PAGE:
The National Company Law Tribunal, Kolkata Bench (NCLT) has held that the enhancement of the ‘minimum default value’ for triggering insolvency proceedings under the Insolvency and Bankruptcy Code, 2016 (IBC), from one lakh rupees to one crore rupees will not apply retrospectively.
This judgment, which was pronounced on May 20 through video conference, appears to be the first judgment on the issue, after the notification was issued by the Ministry of Corporate Affairs on March 24. The notification states:
In exercise of the powers conferred by the proviso to section 4 of the Insolvency and Bankruptcy Code, 2016 (31 of 2016), the Central Government hereby specifies one crore rupees as the minimum amount of default for the purposes of the said section.
Fesco India Ltd. v. Om Besco Rail Products Ltd.
Jinan K.R, Judicial Member, NCLT Kolkata
The corporate debtor had defaulted in repayment of around 90 lakh rupees. NCLT had earlier proceeded ex-parte against the corporate debtor. This order was later recalled subject to payment of cost. The corporate debtor, though paid the cost, its failed to file its objections. Rejecting the prayer for an opportunity to settle the matter, on March 13, NCLT reserved its judgment.
The normal functioning of the NCLT came to be suspended from March 23, due to the Covid-19 outbreak. On April 14, NCLT issued a circular concerning pronouncement of orders during the lockdown. In its judgment the NCLT observed:
However, the matter was heard, giving assurance to the CD that I will not pronounce the orders within 7 days, but reserved the matter for orders. In the meanwhile CoronaVirus Pandemic has disrupted the entire working of the country including judicial work and thereby I was unable to pronounce the judgment immediately after 7 days or within one month.
On the date of pronouncement of judgment, relying on the March 24 notification, Corporate Debtor claimed that the notification being retrospective in nature, NCLT lacked pecuniary jurisdiction to pass an order in the insolvency proceedings against it. Rejecting this argument, the NCLT held:
So question raised by the Ld. Counsel is that whether Notification u/s 4 of the Code raising the minimum default limit be applicable to the applications pending for admission? It is a well-settled law that a statute is presumed to be prospective unless it is held to be retrospective, either expressly or by necessary implication. When the amendment to section 4 of IBC was, inserted a proviso enhancing the pecuniary jurisdiction for filing applications as against small and medium scale industries nowhere in the notification mentioned that its application will be retrospective. Therefore, it appears to me that the amendment shall be considered as prospective and not retrospective.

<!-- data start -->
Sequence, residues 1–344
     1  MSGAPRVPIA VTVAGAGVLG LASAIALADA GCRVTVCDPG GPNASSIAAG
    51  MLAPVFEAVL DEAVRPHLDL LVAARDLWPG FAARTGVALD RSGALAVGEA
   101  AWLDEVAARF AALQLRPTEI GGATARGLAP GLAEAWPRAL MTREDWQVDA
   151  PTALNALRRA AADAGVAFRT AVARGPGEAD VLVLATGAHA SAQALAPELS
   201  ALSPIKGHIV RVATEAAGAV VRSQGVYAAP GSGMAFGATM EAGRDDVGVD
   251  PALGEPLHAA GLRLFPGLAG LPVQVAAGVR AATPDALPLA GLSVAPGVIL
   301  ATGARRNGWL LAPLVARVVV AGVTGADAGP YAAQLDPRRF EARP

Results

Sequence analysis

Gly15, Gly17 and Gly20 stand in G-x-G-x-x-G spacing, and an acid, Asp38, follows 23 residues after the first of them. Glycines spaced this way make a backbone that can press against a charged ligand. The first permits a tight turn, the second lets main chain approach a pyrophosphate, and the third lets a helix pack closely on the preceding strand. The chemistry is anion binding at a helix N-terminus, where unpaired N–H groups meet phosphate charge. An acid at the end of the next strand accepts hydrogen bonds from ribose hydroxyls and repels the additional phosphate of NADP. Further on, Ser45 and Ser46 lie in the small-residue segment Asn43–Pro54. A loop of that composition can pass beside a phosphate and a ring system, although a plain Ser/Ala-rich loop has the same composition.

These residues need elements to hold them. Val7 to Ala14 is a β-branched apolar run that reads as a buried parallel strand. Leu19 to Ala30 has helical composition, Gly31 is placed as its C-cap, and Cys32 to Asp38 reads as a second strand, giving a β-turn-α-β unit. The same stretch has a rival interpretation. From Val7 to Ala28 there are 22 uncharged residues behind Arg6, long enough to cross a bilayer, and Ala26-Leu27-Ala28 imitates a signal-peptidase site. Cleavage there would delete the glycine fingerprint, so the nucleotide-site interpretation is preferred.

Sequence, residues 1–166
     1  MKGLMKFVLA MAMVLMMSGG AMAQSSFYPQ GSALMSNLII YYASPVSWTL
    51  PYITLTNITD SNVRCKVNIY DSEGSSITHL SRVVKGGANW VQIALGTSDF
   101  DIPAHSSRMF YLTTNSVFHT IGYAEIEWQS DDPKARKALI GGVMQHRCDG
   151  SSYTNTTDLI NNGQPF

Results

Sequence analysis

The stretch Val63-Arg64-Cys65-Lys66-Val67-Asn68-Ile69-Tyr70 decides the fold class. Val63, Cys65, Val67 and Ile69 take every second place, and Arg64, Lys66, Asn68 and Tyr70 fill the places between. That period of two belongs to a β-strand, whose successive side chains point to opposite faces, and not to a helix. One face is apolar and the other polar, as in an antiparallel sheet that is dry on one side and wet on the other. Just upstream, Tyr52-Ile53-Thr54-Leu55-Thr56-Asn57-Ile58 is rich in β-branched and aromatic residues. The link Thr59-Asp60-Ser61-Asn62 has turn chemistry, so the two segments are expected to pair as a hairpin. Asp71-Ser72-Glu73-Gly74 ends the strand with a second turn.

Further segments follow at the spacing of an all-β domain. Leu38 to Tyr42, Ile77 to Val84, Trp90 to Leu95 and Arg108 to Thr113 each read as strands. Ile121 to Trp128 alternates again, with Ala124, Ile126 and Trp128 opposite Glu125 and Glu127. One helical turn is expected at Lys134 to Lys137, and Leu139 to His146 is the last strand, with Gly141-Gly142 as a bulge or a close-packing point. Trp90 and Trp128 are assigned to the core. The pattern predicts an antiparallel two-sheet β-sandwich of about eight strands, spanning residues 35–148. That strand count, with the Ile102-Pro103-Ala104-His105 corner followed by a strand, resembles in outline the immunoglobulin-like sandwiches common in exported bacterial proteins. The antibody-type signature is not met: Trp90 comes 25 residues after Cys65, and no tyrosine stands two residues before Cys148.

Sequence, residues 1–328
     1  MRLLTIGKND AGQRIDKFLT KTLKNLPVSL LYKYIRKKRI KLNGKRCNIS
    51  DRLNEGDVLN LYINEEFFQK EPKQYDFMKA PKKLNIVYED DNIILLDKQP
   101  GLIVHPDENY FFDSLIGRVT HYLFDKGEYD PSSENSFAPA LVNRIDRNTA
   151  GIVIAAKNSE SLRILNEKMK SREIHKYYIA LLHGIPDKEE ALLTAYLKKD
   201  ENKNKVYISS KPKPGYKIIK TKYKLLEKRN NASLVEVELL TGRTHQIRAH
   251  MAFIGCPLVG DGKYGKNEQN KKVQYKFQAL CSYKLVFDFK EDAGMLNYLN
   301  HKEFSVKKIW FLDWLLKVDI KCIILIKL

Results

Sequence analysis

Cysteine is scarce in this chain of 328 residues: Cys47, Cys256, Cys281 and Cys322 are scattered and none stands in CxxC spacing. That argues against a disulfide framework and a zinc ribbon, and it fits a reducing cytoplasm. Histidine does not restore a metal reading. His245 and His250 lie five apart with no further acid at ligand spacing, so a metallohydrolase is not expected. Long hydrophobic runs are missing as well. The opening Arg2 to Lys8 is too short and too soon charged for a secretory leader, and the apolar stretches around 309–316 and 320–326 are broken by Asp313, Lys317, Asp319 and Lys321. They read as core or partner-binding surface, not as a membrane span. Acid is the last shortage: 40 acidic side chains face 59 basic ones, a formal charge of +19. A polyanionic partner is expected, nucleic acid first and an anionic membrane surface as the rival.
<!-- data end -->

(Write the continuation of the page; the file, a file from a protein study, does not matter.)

It should be noted, however, that contrary to the NCLT’s observation, the March 24 notification does not limit its applicability to MSMEs. This observation was made by the Union finance minister Nirmala Sitharaman during her press conference on March 24. The official press release stated:
Due to the emerging financial distress faced by most companies on account of the large-scale economic distress caused by COVID 19, it has been decided to raise the threshold of default under section 4 of the IBC 2016 to Rs 1 crore (from the existing threshold of Rs 1 lakh). This will by and large prevent triggering of insolvency proceedings against MSMEs.
A similar observation was again made by the finance minister on May 17 during the presentation on government reforms under the Aatma Nirbhar Bharat Abhiyaan.
4. Further enhancement of Ease of Doing Business through IBC related measures Minimum threshold to initiate insolvency proceedings has been raised to Rs. 1 crore (from Rs. 1 lakh, which largely insulates MSMEs). Special insolvency resolution framework for MSMEs under Section 240A of the Code will be notified soon.